The representative of Kazakhstan said the problem of hunger had taken on a new face and many countries were now encountering that problem.  The Kazakhstan Government’s measures to ensure food security at home included allocating food from its reserves and storing it close to major towns in case there was a crisis.  The country had also imposed a temporary ban on the export of corn until the next harvest season in order to satisfy domestic needs.  Kazakhstan also had major potential with regard to livestock production on which it was also focusing.  The food crisis and soaring prices could only be overcome through the combined effort of the international community.

The representative of Iceland said that, in order to tackle the food crisis, all Governments must take appropriate actions.  Iceland would play its part and had already responded to the extraordinary appeal launched by WFP.  An active role for women was of paramount importance in fighting the food crisis.  The international community must also look for sustainability in addressing the crisis, including through fighting off land degradation, which had been exacerbated by climate change.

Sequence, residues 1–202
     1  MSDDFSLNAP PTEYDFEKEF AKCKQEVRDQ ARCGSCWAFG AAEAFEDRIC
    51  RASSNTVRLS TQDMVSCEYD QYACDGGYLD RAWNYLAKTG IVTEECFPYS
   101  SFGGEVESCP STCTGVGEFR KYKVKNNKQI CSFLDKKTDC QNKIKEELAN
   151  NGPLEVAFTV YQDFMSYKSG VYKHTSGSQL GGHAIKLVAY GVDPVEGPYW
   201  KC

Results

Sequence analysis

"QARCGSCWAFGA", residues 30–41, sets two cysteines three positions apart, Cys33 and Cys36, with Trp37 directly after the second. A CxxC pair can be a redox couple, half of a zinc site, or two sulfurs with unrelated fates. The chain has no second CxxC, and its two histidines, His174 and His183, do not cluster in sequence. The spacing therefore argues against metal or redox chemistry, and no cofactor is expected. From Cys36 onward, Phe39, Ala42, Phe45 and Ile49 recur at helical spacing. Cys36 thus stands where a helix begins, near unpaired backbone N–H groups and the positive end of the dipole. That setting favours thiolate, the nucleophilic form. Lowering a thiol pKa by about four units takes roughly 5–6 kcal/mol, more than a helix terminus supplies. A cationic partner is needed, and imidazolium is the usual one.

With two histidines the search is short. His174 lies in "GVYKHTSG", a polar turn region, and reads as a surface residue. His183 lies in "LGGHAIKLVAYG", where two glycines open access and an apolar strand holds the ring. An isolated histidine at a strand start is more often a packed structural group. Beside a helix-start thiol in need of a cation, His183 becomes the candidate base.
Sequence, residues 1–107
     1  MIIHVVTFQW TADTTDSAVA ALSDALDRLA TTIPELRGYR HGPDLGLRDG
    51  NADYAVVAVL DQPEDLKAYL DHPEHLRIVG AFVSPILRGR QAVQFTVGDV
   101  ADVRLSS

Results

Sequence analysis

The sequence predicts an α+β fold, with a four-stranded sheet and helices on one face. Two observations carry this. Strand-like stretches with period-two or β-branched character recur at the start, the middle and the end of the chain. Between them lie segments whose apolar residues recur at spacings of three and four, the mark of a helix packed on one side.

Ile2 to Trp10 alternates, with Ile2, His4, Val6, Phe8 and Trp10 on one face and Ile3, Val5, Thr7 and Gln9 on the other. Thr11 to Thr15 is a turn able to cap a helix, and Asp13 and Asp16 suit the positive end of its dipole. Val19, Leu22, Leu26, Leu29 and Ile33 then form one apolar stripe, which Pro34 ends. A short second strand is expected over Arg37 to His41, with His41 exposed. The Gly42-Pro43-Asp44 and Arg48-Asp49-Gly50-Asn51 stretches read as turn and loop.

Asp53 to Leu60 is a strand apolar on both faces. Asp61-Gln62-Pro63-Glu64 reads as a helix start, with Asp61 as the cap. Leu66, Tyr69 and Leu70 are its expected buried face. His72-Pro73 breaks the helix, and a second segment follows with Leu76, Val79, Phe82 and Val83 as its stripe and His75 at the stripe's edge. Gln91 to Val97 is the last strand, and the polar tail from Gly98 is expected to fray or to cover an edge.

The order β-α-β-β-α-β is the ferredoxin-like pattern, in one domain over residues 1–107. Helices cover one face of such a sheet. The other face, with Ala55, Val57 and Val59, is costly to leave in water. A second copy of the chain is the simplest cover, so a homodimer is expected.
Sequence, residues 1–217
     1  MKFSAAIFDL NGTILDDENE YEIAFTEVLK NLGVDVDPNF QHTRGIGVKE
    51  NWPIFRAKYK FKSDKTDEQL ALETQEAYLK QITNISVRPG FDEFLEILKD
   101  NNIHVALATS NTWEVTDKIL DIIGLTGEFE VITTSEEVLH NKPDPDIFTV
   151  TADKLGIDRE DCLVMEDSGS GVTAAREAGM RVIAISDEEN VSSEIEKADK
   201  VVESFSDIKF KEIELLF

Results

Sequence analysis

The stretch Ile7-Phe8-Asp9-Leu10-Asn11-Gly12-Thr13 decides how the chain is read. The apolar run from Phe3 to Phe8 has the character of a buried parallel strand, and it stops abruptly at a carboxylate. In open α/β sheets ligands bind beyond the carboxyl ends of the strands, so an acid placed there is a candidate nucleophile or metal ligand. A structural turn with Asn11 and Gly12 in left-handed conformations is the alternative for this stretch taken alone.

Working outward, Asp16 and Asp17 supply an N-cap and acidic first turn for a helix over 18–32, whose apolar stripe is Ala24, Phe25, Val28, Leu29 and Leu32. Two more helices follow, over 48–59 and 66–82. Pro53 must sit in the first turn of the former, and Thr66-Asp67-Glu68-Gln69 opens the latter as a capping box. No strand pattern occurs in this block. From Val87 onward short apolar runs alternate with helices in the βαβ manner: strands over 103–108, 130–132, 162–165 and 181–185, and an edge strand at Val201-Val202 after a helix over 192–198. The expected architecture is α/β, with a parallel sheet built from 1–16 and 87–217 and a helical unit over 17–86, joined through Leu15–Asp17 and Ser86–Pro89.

The representative of Guinea said that his country had implemented significant measures to tackle the impact of the crisis, including the creation of a national food security council.  It had also created a partnership between the private and public sectors with the aim of increasing food production.  Other actions included the establishment of funds for financing agricultural undertakings, and the launching of a national action plan on climate change.  Guinea welcomed the high-level meeting of the Manu River Union, held last week in Monrovia, which had considered the food crisis.

The representative of Malawi said collective and urgent action under the leadership of the United Nations was needed to address the crisis.  National Governments needed to take bold decisions aimed at achieving food security.  Malawi had been subsidizing the cost of agricultural inputs in an approach that had resulted in increased production.  Its efforts included the scaling up of extension services, an extensive farmer training programme and investment in irrigation as part of an integrated rural development programme.  Its aim was to reduce the cost of food by increasing production.